BERLIN (Reuters) - Lawmakers from Chancellor Angela Merkel's coalition will make a proposal this week to persuade rebel colleagues to back measures to bolster the powers of the euro zone bailout fund, a senior conservative lawmaker said on Monday.
Some 23 lawmakers from Merkel's own coalition have said they would not back the reforms of the European Financial Stability Facility (EFSF) in a vote in the Bundestag (lower house of parliament) next month, German media reported at the weekend.
Yet Norbert Barthle, the chief budget expert of Merkel's conservatives, said he thought the number of critical voices was just half that.
He was confident the coalition would muster enough support for a parliamentary majority without recourse to opposition votes -- as long as it was willing to compromise.
Last month, euro zone leaders agreed in principle on a second bailout of Greece that would include a further 109 billion euros ($157 billion) from the EFSF and the International Monetary Fund through mid-2014.
They also agreed to give the bailout fund extra powers under specified conditions, such as a potential role in helping to recapitalize banks, buying government bonds and providing precautionary credit lines to countries.
According to an internal parliament document obtained by Reuters, the strengthened EFSF should receive its own decision making powers for new forms of financial aid for countries in crisis -- which conflicts with demands from German MPs.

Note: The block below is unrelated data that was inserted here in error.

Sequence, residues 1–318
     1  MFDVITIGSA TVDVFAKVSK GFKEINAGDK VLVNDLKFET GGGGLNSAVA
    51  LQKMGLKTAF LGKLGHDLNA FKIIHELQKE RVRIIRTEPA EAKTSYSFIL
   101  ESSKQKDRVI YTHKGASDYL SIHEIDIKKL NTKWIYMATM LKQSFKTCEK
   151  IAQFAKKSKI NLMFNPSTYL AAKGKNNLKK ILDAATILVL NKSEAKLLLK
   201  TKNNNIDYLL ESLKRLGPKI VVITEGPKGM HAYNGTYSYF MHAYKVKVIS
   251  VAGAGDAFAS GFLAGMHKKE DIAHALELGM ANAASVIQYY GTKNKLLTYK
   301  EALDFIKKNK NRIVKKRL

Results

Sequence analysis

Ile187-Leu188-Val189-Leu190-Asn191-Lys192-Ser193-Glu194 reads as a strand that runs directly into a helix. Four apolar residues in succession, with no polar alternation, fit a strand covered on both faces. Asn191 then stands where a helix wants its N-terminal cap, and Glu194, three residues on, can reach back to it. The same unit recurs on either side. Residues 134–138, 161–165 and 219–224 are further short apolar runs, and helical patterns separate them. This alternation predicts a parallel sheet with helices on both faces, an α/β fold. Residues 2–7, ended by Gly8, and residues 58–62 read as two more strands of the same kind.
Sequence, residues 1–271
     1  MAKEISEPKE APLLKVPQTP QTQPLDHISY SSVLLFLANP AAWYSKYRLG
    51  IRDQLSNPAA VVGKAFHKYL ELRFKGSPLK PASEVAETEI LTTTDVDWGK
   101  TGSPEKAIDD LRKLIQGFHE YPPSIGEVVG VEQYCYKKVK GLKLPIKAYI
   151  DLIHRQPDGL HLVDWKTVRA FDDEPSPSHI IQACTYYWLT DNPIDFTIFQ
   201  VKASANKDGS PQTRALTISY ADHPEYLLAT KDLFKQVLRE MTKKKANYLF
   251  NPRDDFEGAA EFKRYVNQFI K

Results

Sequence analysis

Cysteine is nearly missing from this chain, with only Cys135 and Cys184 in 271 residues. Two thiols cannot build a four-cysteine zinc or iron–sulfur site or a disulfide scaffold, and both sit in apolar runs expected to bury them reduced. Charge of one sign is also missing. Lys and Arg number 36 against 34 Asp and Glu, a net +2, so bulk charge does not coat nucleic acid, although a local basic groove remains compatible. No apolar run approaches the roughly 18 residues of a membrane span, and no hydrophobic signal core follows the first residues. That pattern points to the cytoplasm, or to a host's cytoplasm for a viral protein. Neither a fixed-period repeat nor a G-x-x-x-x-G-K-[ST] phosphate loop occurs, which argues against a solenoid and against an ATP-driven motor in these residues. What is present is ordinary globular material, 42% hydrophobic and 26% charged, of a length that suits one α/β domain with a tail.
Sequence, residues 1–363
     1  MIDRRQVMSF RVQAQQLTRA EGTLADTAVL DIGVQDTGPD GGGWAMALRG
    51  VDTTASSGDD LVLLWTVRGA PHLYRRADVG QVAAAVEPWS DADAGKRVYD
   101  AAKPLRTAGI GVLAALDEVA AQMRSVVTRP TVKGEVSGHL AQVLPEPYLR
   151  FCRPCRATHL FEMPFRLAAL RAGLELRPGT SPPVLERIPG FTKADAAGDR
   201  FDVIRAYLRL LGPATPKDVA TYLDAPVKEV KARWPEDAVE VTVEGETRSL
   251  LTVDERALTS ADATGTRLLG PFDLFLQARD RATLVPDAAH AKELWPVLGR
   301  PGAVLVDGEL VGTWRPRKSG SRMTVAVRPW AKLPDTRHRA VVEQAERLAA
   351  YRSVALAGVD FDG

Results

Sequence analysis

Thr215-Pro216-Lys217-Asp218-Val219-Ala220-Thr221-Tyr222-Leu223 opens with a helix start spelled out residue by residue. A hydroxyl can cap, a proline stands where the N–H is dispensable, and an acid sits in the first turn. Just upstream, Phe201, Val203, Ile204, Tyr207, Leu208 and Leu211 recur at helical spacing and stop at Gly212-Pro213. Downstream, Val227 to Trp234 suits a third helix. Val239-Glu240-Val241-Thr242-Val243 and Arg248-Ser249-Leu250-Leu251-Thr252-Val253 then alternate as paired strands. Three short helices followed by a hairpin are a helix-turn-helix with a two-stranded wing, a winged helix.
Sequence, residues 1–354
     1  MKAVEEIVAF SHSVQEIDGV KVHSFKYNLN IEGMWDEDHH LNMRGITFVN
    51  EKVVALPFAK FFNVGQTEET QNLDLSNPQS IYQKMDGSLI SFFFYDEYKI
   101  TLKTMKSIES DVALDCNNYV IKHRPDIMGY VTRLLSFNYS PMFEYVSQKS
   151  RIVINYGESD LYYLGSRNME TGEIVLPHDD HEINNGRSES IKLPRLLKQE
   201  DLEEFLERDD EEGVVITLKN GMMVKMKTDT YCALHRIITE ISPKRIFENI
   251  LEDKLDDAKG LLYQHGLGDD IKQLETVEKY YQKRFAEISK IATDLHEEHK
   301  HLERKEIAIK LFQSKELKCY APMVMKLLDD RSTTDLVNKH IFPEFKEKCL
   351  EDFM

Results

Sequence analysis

Germany, the euro bloc's biggest economy, has been reluctant
to make it easier to bail out countries that many Germans see as profligate.
The opposition Social Democrats (SPD) and Greens said they would vote for the measure so its passage is certain. But political analysts warn that if Merkel fails to pass the measure with lawmakers from her own coalition, it could trigger a crisis of confidence and political turmoil.
"If Chancellor Merkel does not manage to get a majority of her own in the euro issue, the logical answer would be new elections," said SPD secretary-general Andrea Nahles.
But Barthle said he would make a proposal offering a compromise in the dispute over the EFSF together with colleagues from the other parties in the ruling center-right coalition.
"We will work out a procedure, on the one hand, that enables the European bailout fund to react quickly enough," Barthle told public broadcaster ARD, while noting that parliament had a right to be consulted fully when dealing with such big sums of money.
"At the end of the day, I believe we will obtain a majority," Barthle said, acknowledging that it would be a "hefty blow to the government" if this were not the case.
There are 620 seats in parliament and Merkel's coalition has 330, while the three opposition parties have 290.
Merkel said on Sunday she was sure the government benches would vote for the new measures, while Finance Minister Wolfgang Schaeuble warned coalition MPs that financial markets may doubt Europe's ability to act if they failed to do so.
Another key conservative MP, Josef Schlarmann, on Monday urged other deputies to vote against the reformed EFSF. He said Merkel had broken promises made to coalition deputies with the agreement at a EU summit meeting in July.